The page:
I stood in the doorway, staring at the scene. The table had been set with bowls of clear, golden broth that sat steaming at each place. The fragrance drifted intoxicatingly through the room. “Lemongrass!” I said.

“Sit down!” Danny shouted irritably from his post at the stove. We stopped milling and each of us rushed for the nearest seat, as if this were a game of musical chairs. We threw ourselves down as he commanded, “Eat!” We obediently picked up our spoons.

With the first bite I knew that no lies would be necessary. Danny’s soup was extraordinary, with that resonance that goes on and on, like a bell still humming, long after the last note has been struck.

Danny did not sit down. As we ate he stood at the stove like a mad scientist, enveloped in the steam that billowed about him from a huge cauldron. I heard the sizzle of butter hitting a hot surface and sensed the high, clean note of lemon juice being added to the pan. Now there was a richer scent--cream, I guessed--and then the aromas began to mingle, so that lemon and cream and butter were dancing through the air.

Water drained; wet pasta hit a skillet with a hiss, and a cover went crashing down. Then Danny was rushing to the table with a plate in his hand and setting it in front of me. “Eat it now,” he insisted, “don’t wait for the others. This is a dish that can only be served to people eating in the kitchen. In a few minutes it won’t be any good. I made the noodles myself.”

I twirled the pasta around my fork and took a bite. And then, in spite of myself, I gasped. The pasta was so thin that it seemed to have vanished, leaving only a memory behind. What was left was simply the subtlety of the sauce, pure and light, as if the liquid had somehow taken solid form. It wasn’t food; it was magic on a plate, and for a moment I disappeared into the flavor. When I returned Danny was standing over me, watching me so intently and with such pleasure that I knew I didn’t have to say a single word.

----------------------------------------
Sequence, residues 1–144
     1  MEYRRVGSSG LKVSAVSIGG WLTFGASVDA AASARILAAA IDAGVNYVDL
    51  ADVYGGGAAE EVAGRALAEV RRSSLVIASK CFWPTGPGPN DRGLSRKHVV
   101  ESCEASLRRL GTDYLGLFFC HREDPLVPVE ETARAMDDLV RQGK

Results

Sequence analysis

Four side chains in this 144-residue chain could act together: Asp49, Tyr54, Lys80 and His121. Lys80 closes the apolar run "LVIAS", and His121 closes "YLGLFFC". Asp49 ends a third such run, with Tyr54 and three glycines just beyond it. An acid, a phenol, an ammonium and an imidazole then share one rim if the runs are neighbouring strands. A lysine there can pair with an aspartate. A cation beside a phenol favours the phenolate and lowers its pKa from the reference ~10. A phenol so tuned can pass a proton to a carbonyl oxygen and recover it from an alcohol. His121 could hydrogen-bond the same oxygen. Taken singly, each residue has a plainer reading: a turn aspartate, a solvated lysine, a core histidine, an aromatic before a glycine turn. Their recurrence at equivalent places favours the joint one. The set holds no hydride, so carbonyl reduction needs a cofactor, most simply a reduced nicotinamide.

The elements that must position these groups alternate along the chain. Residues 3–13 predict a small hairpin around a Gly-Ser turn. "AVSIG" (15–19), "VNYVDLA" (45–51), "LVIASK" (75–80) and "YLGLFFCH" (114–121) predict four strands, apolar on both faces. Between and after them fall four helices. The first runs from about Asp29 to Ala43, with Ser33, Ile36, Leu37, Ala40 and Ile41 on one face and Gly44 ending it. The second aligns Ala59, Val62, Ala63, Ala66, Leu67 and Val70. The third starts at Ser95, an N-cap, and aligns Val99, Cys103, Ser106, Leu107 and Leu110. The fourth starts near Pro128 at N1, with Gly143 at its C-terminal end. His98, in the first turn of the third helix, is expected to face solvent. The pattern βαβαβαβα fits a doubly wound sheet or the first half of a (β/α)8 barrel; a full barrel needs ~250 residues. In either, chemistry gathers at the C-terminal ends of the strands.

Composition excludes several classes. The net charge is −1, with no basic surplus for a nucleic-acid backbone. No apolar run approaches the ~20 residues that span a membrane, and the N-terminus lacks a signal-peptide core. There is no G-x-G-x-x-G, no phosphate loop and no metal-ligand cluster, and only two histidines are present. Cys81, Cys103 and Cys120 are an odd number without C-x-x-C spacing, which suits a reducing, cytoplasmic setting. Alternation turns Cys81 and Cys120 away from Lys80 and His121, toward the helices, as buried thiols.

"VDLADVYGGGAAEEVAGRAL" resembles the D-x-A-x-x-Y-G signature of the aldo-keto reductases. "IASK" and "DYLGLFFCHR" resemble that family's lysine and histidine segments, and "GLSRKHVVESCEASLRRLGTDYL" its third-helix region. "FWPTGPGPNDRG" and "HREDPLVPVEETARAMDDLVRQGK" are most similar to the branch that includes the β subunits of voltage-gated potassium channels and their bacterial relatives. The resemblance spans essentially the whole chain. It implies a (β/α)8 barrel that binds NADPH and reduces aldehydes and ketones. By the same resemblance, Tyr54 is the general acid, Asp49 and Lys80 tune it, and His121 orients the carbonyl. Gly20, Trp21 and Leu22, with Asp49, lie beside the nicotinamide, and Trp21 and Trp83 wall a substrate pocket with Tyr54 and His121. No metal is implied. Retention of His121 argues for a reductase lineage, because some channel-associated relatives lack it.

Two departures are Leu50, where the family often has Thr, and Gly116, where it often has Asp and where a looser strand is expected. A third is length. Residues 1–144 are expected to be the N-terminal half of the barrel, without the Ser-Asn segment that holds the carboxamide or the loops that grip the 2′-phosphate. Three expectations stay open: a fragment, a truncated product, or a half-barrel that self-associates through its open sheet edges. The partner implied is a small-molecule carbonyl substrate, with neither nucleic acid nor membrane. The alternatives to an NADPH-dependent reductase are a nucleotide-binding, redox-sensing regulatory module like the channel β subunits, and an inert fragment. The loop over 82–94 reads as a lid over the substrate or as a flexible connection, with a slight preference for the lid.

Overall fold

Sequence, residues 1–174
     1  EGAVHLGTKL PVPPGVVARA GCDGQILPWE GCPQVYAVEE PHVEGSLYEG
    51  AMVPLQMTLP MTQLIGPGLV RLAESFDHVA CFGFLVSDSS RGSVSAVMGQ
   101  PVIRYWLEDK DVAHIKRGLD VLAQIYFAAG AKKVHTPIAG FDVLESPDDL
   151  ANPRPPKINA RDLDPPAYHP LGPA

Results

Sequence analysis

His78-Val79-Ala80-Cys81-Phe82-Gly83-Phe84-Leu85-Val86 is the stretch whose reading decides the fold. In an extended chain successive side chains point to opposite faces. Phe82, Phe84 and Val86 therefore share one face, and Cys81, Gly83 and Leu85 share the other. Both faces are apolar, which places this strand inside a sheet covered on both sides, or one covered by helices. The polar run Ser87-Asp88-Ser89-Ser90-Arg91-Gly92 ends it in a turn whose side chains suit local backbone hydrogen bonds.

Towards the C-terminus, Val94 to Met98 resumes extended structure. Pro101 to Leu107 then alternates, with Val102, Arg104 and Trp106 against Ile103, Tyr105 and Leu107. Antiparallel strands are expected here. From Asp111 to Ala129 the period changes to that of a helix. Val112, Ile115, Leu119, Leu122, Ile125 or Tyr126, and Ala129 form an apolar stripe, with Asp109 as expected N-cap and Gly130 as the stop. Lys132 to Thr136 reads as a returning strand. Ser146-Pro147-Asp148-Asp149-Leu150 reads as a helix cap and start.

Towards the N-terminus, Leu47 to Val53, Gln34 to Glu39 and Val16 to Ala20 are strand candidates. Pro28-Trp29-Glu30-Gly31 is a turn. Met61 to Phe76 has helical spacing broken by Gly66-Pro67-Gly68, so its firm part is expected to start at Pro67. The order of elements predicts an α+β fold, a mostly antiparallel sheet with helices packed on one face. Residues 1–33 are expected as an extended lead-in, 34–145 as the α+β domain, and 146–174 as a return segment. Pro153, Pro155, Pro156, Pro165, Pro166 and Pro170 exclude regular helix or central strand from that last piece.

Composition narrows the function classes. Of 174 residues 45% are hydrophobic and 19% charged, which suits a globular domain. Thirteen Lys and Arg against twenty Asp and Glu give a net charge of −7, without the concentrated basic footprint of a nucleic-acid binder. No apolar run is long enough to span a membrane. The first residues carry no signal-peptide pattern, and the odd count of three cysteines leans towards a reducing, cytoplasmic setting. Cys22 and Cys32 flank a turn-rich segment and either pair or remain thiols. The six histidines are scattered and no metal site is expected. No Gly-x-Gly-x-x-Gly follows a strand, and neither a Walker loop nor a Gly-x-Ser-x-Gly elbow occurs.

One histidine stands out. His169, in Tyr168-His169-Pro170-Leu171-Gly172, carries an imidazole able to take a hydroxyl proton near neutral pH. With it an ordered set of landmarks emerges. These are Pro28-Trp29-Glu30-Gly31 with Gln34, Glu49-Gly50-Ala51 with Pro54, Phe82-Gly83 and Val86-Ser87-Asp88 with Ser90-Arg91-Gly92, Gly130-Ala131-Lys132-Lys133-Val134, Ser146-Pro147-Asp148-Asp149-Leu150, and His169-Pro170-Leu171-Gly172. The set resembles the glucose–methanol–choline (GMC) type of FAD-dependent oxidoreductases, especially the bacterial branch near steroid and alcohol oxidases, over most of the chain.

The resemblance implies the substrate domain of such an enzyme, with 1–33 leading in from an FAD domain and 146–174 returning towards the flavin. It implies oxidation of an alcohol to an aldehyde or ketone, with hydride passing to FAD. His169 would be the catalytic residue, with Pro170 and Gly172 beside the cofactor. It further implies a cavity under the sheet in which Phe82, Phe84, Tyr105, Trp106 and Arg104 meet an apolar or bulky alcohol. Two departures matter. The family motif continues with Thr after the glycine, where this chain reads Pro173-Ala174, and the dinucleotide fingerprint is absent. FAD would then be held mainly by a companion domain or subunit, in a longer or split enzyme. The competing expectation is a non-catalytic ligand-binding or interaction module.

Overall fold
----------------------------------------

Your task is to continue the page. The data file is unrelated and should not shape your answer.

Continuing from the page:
I didn’t listen to the conversation after that, or think about much of anything at all. I just ate, conscious of my luck at being there, trusting that each dish would be extraordinary. The liver was like little pillows of velvet between satin slivers of onion, and so sweet it was as if it had been dusted with sugar. “It’s the onions,” he said, answering my unspoken question. “They’re grown in special soil. And, of course, the way they’re cut.”

The conversation flowed around us, background music, but I didn’t try to join it. I understood that in his kitchen Danny was desperate for an audience; cooking for people who didn’t pay attention ruined it for him. He was a creator, not a consumer, and the only thing he required was appreciation. And so I said nothing as he snatched the lemon souffle from the oven and rushed it to the table. High, light, rich, and eggy, it fell, slightly, as it was cut, collapsing onto itself with a fragrant sigh. I ate it slowly, savoring the way it disappeared in my mouth, and drank the espresso he served me at the end without sugar, liking the bitterness against the sweetness of the souffle.

“I think it’s the best meal I’ve ever eaten,” I said as I left. Danny nodded. “You have to come back,” he said. I understood that this had been a test, and I had passed.

Danny’s Lemon Pasta

I never asked Danny Kaye for the recipe for his lemon pasta--or for any of the other dishes that he cooked for me. But I loved the pasta so much that one day I simply tried to make it myself.

It took me a long time to perfect the recipe. It isn’t as good as Danny’s--nothing could be--but it’s the closest I’ve been able to come.

½ stick unsalted butter
1 cup heavy cream
3 T fresh lemon juice
1 pound fresh egg fettuccine
2 t finely grated fresh lemon zest
freshly ground black pepper
freshly grated Parmesan cheese

Melt the butter in a deep, heavy 12-inch skillet and stir in the cream and lemon juice. Remove the skillet from the heat and keep it warm and covered.

Cook the pasta in a large pot of salted boiling water until al dente, 2 to 3 minutes. Reserve ½ cup of the pasta cooking liquid and drain the pasta in a colander. Add the pasta to the skillet with the lemon zest and 2 tablespoons of the pasta cooking liquid and toss well. (Add more pasta cooking liquid 1 tablespoon at a time, if necessary, to thin the sauce.)

Season the pasta with salt and pepper and serve with Parmesan cheese. Serves 4.